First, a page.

(FORTUNE Magazine) – WHILE BANKS, S&Ls, insurance companies, and nearly everyone else in the financial services industry has a case of the shorts, America's public employee pension funds have an embarrassment of riches. And like a lot of wealthy folks, they are becoming the victims of holdup artists. With ever more states and cities facing nasty budget deficits, the politicians who run them are trying to grab some of the $878 billion set aside to pay for the retirement of teachers, firefighters, police, sanitation workers, and other public employees. The pilfering of the golden nest eggs is alarmingly widespread. In the past two years more than a third of the states have cut or delayed contributions to their pension funds, seized money outright from pension accounts, or begun to debate similar measures. This is no time to be confiscating pension assets. While contributions have fallen slightly over the past three years, payouts to pensioners have been rising sharply (see chart). As a result, cash flow -- the difference between annual contributions and benefits paid over the year -- has narrowed for the public funds, to $6 billion from $16 billion. According to Chris McNickle of Greenwich Associates, a research firm that compiles data on pension funds, the gap could shrink to $2 billion or less by the end of 1991. The immediate victims of any cut in contributions or attachment of assets are the public employees whose retirement funds are being raided. But taxpayers may be on the hook too: They could have to make up the difference if, thanks to the raids, public plans lack the wherewithal to pay retirement benefits in the future. The most egregious assault on pension funds occurred in California last summer. As the July 1 start of the fiscal year neared, Republican Governor Pete Wilson was staring at a $14 billion budget deficit. So to help make ends meet, Wilson decided to take $1.6 billion from the coffers of the $63 billion California Public Employee Retirement System. Known as Calpers, the fund covers most state workers except teachers, who have their own plan. Wilson also tried to replace the 13-member Calpers board with a new nine-member group that he would control. Dale Hanson, the system's irate chief executive, called this scheme a ''hostile takeover.'' The backlash against the governor came immediately. State employees blocked the driveway to the capitol's garage to protest looting the fund and packing the board, and they overwhelmed their representatives with calls, telegrams, and visits. Wilson threatened them with salary reductions, furloughs, and layoffs of up to 20,000 workers if they succeeded in foiling his plans. Robbery and blackmail, cried Fortney H. Stark, the liberal Democratic Congressman from Oakland. He accused Wilson of conspiring to turn workers' savings into a ''giant slush fund'' that would ''hide the real cost of government.'' In the end, the California legislature prevented Wilson from reconfiguring the board but let him have the $1.6 billion from the pensioners' cost-of- living account anyway. California's Third District Court of Appeals will decide on the constitutionality of the legislators' action by March or April. The Illinois Supreme Court is hearing a similar case. As the hot Springfield summer wore on, Illinois legislators, anxious to adjourn, were desperately ) hunting for money to comply with the state's balanced-budget requirement. Rather than making tough choices, they told Republican Governor Jim Edgar to take up to $50 million from the state's 250 ''special funds,'' which under the law must be spent on specific purposes like schools, roads -- or pensions. Edgar seized $21 million from the five state retirement systems, making no promise to repay the money, and used it to shore up the general-revenue account. A court ruling on the constitutionality of this move is expected soon. The Illinois snatch is particularly nasty because the public employee pension plans, unlike Calpers, were underfunded to start with. Assets covered only 46% of the present value of projected obligations for judges on up to 65% for teachers. By comparison the national average for public retirement systems is around 80%; private pensions, which are subject to the tough Employment Retirement Income Security Act rules, must strive to be fully funded. Ironically, Illinois passed a law in 1989 requiring itself to push toward full funding of its public plans by 1996, and then fell short by a total of $500 million in employer contributions in 1989 and 1990. MOST ATTEMPTS to siphon money out of public employee pension funds are far more subtle than those in California and Illinois. Typically a city or state will play around with actuarial assumptions on which the funding and the investment objectives of its plan are based to reduce the contributions required. Here's how this works: With the help of historical tables on life expectancies, inflation rates, and so forth, actuaries determine how much money a pension plan will need years from now in order to pay benefits to future retirees. This work requires developing complex forecasting models based on an array of assumptions. For example, how much will salaries increase? Will employees opt for early retirement in ever greater numbers? One of the most crucial projections is the annual rate of return on the pension plan's invested assets. The power of compound interest means that a seemingly small improvement in annual returns -- say, 8.25% vs. 8% -- adds up to a lot over 25 or 30 years. Thus, a marginally higher projection for the rate of return means that an employer can drastically reduce the sums it must put into a plan. A basic rule of thumb: If you increase the expected rate of capital appreciation by one percentage point over 30 years, an employer can cut its current contributions to the fund by 20%. , Louisiana saved $11 million last year in contributions to its teachers' retirement system by upping the projected return from 7.5% to 8.25%. Missouri netted some $20 million by going from 8% to 8.5% last year on its state employees fund. New York City boosted its rate-of-return assumption for city employees from 8.25% to 9% in the winter of 1990, which saved $40 million for the Transit Authority alone and enabled it to hold bus and subway fares to $1.15. Years from now, if the projections for investment returns turn out to have been too optimistic and the plans no longer have enough money to pay benefits, the politicians who instigated the changes will no longer be in office. Taxpayers could well be stuck writing the monthly pension checks for legions of retired civil servants. But it is difficult for employee advocates to fight these changes because actuarial math does not make for vivid public debate. Depending on the full set of assumptions -- salary and payroll increases, early retirement, retiree mortality -- a range of returns could be deemed reasonable to provide sufficient funding for the future. In 1989 the targets used by public retirement systems varied from 5.5% a year to 9%, with 7.8% as the mean. Clearly, 5.5% is too conservative. And, granted, a shrewd outfit like Calpers earned a hefty 12% annually over the last half of the Eighties. But is it so certain that the historic 1980s run-up in stock and bond prices will be repeated in the Nineties and beyond? Hot decades for stocks are usually followed by cool decades, and corporate pension managers certainly haven't rushed to increase their projected returns. Most recent adjustments in public- fund contributions bear the unmistakable mark of the worst kind of politics. In a fall 1991 survey by City & State newspaper, 11 out of 28 of the largest funds said their actuarial assumptions were adjusted upward over the past two years, many in response to political pressure. TEACHERS, the beneficiaries of several of the largest pension systems, have been especially hard hit by political shenanigans. In 1990, New York State, facing a $3 billion deficit, withheld $850 million of contributions to teacher pensions. By switching to a new way of calculating the funding, California is reducing payments to its teachers' retirement system for ten years, including a $400 million cut this year, while planning to make up for the shortfall through sharply higher contributions after 2001. Talk about passing a burden to future generations! ) Texas is reducing contributions to teacher pensions by $85 million over the next two years, boosting the system's unfunded liability to almost $4 billion. The state comptroller has even tried to wrest control over state pensions from an independent board and give it to a committee consisting of the governor, lieutenant governor, and -- you guessed it -- the comptroller himself. THE QUESTION of whether pols have the right to put their hands in these cookie jars begs a more fundamental question. To whom does the public employee pension-fund money really belong? The answer: to the beneficiaries and to no one else -- not to the state or to the public at large. A pension fund's assets represent deferred employee compensation and thus constitute private property. Pension trustees are the the guardians of this property. But the trustees are often appointed by elected officials or must run for office themselves, so they are apt to give in to pressures that allow the funds to serve political objectives at the expense of the pensioners. Wrongly so, argues Edward Regan, New York State's Republican comptroller and sole trustee of the state's $44 billion retirement system: ''Do public officials have a right to use pension fund assets for budget balancing and other government purposes? The answer is a clear no.'' Regan, however, is at odds with Governor Mario Cuomo, a Democrat, who is eager to have pension funds make investments for the purpose of enhancing the economy of New York State. In bona fide fiscal emergencies, the enlightened self-interest of current employees and retirees might dictate lending some pension plan assets to their imperiled employers. Otherwise, the bankrupt state or city might not be able to pay benefits to its retirees at all -- and might have to fire large numbers of government workers. New York City's pension funds invested in municipal bonds as part of Gotham's mid-1970s rescue. But the trustees were able to demand a 9 1/4% rate of interest, several percentage points higher than the prevailing rate for tax-exempt issuers. They also received federal guarantees of repayment and special immunity from their fiduciary obligations that would normally prevent them from investing in a related party or one with a poor credit rating. The arrangement clearly worked out well for the city and for the pension funds. Detroit essentially copied the New York example during its financial crisis of 1981. So did Philadelphia in 1991. Its credit rating having fallen below investment grade, Philadelphia could not continue its annual practice of selling short-term tax-anticipation notes in the fall and paying them off in the spring when tax revenues flowed in. So the city turned to its pension funds in January for $37.5 million in loans as stopgap financing. The pension trustees, serving as lenders of last resort, exacted a brutal toll: the prime rate plus fees equaling around 2% of the principal. The city paid off the loans by April 15, giving the pension funds an annualized return of 27%. Without that exceptionally high return, the fiduciaries would not have been able to justify the risk. J. Chester Johnson, president of Government Finance Associates, a New York City consulting firm, advised Philadelphia on the transaction. In his previous job as a Deputy Assistant Treasury Secretary, he oversaw the federal government's loans to New York City in the 1970s. He says that governments should consider borrowing from pension funds only in ''desperate circumstances.'' Such cases would include helping out a municipality close to bankruptcy or an issuer that had lost its investment-grade rating and had dire cash-flow needs with no access to capital markets. Does either of these circumstances fit California, the eye of the current storm? It is hard to believe Governor Wilson, who justifies the pension raid as ''urgency legislation,'' when he argues in his brief to the court of appeals that California's fiscal crisis threatens the state's ''ability to provide and fund for essential services.'' Although recently downgraded by Standard & Poor's, California still has that coveted triple-A credit rating from Moody's. It all goes to show that politicians will say almost anything to get their mitts on somebody else's cash.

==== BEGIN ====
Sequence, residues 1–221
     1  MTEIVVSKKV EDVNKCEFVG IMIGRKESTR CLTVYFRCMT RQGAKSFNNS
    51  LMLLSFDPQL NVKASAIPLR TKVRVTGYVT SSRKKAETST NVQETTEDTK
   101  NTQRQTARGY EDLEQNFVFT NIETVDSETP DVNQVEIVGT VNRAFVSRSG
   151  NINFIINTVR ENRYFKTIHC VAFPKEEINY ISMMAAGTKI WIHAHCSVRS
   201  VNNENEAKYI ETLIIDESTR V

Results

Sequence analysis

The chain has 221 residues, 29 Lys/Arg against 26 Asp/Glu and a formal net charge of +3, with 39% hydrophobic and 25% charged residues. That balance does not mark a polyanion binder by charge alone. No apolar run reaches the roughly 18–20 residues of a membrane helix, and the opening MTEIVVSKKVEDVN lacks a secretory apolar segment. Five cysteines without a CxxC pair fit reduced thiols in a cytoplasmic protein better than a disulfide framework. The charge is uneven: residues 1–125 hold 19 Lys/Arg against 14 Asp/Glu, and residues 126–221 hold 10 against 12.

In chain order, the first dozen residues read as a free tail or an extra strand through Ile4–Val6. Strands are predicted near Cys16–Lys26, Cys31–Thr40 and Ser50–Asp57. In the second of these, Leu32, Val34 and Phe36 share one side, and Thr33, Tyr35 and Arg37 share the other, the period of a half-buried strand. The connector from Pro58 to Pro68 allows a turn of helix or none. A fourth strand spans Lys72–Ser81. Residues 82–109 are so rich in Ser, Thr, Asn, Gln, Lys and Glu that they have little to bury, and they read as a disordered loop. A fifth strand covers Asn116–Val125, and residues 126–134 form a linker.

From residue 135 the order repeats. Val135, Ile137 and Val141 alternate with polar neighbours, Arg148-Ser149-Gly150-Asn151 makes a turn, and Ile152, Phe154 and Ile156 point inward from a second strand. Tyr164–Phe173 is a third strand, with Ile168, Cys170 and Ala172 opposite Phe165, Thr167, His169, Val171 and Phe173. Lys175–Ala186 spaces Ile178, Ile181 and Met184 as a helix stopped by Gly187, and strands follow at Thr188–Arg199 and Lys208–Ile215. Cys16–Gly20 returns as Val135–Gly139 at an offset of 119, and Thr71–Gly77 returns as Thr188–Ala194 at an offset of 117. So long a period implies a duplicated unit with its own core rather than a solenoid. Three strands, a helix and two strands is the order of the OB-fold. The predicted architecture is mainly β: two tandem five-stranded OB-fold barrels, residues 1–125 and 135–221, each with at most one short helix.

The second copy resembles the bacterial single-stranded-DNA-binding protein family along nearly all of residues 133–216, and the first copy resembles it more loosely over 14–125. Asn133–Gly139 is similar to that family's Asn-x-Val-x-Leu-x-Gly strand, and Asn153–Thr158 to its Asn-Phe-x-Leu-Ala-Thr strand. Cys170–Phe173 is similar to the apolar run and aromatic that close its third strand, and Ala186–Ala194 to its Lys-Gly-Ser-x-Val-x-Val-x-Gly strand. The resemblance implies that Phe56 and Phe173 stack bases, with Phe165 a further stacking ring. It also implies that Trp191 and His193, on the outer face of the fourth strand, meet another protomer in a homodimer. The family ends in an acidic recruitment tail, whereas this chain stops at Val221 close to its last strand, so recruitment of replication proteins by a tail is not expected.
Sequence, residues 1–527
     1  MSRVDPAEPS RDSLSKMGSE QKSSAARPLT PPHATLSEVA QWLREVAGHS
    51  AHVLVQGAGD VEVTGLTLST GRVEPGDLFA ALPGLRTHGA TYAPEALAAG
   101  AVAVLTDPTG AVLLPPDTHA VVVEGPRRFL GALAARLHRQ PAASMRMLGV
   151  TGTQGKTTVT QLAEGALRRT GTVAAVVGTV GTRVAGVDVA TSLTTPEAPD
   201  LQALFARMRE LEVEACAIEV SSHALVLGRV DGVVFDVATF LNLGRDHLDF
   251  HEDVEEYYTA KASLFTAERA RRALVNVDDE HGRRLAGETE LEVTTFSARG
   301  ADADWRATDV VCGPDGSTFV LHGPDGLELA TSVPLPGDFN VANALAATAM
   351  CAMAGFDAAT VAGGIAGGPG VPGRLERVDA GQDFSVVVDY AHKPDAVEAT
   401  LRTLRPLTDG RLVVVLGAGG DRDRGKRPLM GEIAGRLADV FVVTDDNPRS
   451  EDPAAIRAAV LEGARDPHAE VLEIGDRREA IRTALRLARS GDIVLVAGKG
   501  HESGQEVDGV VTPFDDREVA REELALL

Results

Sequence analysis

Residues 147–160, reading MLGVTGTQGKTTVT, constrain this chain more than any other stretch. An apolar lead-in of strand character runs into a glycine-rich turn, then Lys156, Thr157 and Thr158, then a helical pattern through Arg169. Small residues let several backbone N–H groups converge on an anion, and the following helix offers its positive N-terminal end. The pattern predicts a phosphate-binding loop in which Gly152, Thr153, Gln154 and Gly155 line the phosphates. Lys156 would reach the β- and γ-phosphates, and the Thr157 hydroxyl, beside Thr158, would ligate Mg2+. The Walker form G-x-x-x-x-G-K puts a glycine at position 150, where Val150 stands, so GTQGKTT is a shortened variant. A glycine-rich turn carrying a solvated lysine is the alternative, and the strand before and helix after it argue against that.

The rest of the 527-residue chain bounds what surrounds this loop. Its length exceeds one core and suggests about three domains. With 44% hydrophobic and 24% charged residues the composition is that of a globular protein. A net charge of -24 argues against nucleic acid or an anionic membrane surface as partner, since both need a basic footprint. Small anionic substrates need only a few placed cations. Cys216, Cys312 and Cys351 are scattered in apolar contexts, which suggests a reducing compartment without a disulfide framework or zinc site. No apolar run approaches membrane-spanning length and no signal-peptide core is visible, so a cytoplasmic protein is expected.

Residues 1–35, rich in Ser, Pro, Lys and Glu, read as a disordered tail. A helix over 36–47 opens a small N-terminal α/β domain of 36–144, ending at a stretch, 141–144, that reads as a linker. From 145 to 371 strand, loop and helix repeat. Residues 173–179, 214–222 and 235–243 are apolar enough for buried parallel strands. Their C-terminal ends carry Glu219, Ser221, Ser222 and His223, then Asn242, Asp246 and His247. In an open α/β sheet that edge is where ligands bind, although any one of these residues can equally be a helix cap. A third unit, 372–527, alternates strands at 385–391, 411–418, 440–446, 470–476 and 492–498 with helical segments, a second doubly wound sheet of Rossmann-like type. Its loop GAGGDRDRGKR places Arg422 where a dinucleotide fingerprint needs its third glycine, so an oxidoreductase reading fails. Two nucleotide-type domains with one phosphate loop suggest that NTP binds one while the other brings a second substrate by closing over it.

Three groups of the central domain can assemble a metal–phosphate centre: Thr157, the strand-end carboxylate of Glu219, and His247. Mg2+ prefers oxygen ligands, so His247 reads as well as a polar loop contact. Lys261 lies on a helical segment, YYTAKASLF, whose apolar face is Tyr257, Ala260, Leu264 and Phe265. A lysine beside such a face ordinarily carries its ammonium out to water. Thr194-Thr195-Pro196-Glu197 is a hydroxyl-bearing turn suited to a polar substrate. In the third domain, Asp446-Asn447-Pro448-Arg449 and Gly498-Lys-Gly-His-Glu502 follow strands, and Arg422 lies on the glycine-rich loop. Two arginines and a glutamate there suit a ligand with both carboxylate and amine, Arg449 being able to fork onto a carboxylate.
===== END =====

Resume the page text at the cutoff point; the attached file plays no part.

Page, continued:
CHART: NOT AVAILABLE CREDIT: FORTUNE CHARTS/SOURCES: GREENWICH ASSOCIATES, NATIONAL ASSOCIATION OF STATE RETIREMENT ADMINISTRATORS/NATIONAL COUNCIL ON TEACHER RETIREMENT Public pension plan assets are increasing. . . . . .but payments are catching up to contributions. . . . . .and most plans are still underfunded